The following three photographs are from the State of Florida Archives. They are labeled as logging from this time period in Dixie County, although whether or not they are from the Dixie Mainline is unknown. However, this should give you a good idea of how the logging operations in the area at that time looked. All three photos are from the 1920s.

The boom-years of the Dixie County logging industry were from the 1920s through the 1940s, after which point the area was nearly entirely denuded of old growth forest. The rail lines were pulled, but the raised beds remained. The area was purchased in the late 1970s by the US Fish and Wildlife Service, and turned into what is now the Lower Suwannee National Wildlife Refuge. In the 1990s, the Dixie Mainline was made navigable once again: the lime-rock was shored up, and concrete bridges were erected over the various creeks. It was opened for public use in 1998.

The Dixie Mainline Trail extends 9 miles through the Lower Suwannee National Wildlife Refuge. It continues a further six or so miles as a county road. The Mainline can be driven, hiked, or cycled. There are several places along the Mainline where one can park in order to explore trails that can only be traversed on foot. However, when my mom and I visited in October 2016, little more than a month had passed since Hurricane Hermine had struck the area. As such, while the Mainline itself was perfectly passable, not all of the trails were.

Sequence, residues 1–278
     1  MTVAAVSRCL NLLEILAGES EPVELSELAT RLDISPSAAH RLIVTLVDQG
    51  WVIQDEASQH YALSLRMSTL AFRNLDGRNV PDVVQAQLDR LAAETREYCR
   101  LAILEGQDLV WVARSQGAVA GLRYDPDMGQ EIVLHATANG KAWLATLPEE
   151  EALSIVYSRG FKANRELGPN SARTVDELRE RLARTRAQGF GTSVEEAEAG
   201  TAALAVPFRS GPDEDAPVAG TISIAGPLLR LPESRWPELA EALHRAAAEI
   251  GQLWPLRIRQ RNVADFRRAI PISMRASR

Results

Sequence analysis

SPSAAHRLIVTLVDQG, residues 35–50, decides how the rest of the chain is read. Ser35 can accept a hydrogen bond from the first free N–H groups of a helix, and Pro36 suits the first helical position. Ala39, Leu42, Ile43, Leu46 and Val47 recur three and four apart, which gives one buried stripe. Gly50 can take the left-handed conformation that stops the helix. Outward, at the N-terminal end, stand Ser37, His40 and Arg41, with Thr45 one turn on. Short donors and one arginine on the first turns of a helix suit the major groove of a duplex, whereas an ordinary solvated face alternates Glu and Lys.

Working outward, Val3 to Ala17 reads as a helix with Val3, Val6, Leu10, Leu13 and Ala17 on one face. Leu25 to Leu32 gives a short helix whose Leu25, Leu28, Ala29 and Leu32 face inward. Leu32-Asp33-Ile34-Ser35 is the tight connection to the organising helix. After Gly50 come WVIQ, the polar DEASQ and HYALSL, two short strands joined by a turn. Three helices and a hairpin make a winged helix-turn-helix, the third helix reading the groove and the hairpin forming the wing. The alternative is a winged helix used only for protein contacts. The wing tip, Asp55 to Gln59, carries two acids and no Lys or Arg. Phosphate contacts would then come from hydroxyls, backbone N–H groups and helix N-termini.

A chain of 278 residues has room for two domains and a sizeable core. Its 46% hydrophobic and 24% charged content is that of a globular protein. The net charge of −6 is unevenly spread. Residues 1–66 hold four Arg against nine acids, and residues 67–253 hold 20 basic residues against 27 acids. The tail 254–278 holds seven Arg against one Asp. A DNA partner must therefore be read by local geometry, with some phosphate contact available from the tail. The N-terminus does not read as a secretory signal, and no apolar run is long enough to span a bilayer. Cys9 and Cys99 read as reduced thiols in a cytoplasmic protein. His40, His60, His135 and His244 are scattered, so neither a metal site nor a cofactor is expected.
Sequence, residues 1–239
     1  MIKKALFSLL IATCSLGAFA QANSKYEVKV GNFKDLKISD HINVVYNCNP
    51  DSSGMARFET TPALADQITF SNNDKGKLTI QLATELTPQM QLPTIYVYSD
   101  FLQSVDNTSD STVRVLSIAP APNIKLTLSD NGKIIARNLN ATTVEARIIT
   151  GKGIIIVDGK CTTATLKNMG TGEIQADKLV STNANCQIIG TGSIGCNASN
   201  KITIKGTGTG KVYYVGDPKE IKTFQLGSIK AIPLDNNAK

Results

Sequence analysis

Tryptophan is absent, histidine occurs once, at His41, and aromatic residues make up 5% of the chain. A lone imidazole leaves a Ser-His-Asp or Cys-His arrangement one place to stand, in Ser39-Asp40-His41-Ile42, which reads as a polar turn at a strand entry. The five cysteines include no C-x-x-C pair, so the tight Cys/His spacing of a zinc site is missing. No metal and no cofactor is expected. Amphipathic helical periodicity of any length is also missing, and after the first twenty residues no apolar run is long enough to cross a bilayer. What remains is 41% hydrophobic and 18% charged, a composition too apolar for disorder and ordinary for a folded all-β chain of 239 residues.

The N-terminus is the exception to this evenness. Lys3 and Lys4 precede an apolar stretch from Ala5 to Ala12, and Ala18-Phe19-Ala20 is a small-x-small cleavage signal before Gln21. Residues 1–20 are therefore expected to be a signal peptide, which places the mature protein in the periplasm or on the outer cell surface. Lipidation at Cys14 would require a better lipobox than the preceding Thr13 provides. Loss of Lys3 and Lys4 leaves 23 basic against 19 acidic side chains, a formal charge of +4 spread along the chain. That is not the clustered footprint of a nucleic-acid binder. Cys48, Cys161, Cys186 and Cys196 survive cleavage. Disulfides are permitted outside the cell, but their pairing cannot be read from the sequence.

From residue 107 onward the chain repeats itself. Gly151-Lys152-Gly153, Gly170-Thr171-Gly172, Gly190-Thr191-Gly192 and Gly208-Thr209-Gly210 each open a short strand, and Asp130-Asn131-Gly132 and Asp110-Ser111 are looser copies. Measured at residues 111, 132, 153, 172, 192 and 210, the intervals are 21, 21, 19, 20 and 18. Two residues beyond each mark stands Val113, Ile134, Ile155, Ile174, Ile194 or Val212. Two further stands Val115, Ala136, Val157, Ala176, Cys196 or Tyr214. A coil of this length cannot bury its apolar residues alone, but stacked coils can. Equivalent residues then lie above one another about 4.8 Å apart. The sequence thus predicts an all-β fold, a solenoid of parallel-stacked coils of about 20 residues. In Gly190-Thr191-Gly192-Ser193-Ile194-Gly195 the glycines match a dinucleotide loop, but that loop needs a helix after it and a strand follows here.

Much of the Dixie Mainline looks like this.

One of the first places to pull off the Mainline (if you're heading north from Suwannee) is at Salt Creek, where there is a nature trail as well as a boardwalk. However, while the boardwalk has clearly been repaired following Hurricane Hermine, the trail... hadn't exactly been. The beginning of the trail has recently been bushhogged, but only a little ways into the woods. At that point everything remains covered in storm surge detritus. The did re-hang the sign, though!